Purpose: This study aimed to investigate whether femtosecond laser-assisted LASIK (FS-LASIK) surgery causes inflammation in the anterior chamber and to analyze its effect on endothelial cells. Methods: This prospective, longitudinal study included left eyes of 30 patients (19 females) who had undergone FS-LASIK surgery due to myopia and myopic astigmatism. Endothelial cell density (ECD) and morphological measurements were performed using a specular microscopy, and laser flare photometry was used to measure the anterior chamber flare values on the day of surgery. iFS™ Advanced FS and VISX STAR S4-IR Wavescan Excimer Laser platforms were used. Flare measurements were repeated on the postoperative 1st day and 7th day and the 1st and 3rd months. The endothelial measurements were repeated in the 3rd month. Results: Preoperatively, the mean flare was 5.59 ± 1.24 photons/ms; it was 6.49 ± 2.42 on the postoperative 1st day, 5.87 ± 2.27 on the 7th day, 5.68 ± 1.66 on the 1st month, and 5.35 ± 1.24 on the 3rd month. A significant difference was observed only between the preoperative and postoperative 1st day flare values (p=0.047). The decrease in the ECD was clinically insignificant but statistically significant, with an average of 97.0 ± 209.9 cell count/mm2 (3.3%, p=0.017). However, there was no significant change in the coefficient of variation (p=0.448) and hexagonality (p=0.096). No significant correlation was found between the increase in the flare value on the postoperative 1st day and variables. A significant correlation was found between the decrease in ECD and the preoperative ECD (r = 0.356, p=0.027). Conclusion: FS-LASIK caused minimal inflammation in the anterior chamber on only the 1st postoperative day; additionally, a minimal decrease of cell count with no morphological changes were noted in the endothelial cells on postoperative 3rd month. This trial is registered with NCT04899258.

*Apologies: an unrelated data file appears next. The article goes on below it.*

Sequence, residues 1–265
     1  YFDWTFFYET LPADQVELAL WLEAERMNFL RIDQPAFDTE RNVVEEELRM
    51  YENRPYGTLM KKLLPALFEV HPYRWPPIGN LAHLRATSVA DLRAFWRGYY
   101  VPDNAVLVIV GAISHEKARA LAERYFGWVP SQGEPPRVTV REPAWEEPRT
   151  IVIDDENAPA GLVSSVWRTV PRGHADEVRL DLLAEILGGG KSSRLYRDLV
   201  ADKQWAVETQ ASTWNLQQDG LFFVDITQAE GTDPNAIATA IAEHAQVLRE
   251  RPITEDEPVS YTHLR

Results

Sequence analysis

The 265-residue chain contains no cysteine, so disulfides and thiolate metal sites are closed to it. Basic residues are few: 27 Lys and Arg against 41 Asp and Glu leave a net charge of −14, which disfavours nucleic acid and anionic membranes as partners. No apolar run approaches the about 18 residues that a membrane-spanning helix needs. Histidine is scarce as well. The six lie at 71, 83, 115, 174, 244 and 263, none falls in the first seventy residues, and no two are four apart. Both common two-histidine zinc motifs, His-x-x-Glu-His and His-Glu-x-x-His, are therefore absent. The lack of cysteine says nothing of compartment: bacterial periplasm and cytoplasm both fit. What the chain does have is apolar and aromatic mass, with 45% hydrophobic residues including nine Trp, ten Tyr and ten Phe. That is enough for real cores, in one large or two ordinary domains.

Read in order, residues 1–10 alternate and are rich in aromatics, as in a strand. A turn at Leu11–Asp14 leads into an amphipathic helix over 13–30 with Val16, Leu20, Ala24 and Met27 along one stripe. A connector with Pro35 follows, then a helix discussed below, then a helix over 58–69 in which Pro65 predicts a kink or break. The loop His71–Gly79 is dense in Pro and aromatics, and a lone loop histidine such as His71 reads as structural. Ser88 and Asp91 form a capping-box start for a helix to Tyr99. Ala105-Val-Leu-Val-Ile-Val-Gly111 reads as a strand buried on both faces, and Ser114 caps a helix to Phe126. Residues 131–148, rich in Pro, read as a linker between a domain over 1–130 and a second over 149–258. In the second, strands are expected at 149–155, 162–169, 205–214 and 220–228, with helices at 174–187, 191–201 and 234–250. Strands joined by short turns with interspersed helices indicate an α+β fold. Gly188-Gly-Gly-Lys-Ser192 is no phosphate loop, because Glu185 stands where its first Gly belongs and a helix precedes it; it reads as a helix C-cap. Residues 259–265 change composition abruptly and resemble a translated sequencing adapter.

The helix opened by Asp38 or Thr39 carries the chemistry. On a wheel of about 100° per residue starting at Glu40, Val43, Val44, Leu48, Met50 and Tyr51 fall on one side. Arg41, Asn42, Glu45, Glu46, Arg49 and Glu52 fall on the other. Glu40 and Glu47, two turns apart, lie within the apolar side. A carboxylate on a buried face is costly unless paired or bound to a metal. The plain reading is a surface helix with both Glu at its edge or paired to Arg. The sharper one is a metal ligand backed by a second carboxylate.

... Снижение длительности импульса при использовании быстрого режима работы лазера за счет увеличения энергии и размера пятна позволяет уменьшить время лазерного этапа, что, соответственно, сводит к минимуму сопутствующее повреждение и воспаление тканей. Более того, световые импульсы с длиной волны 1043 нм не поглощаются роговицей и тепловое воздействие на роговицу минимально [21,22]. ...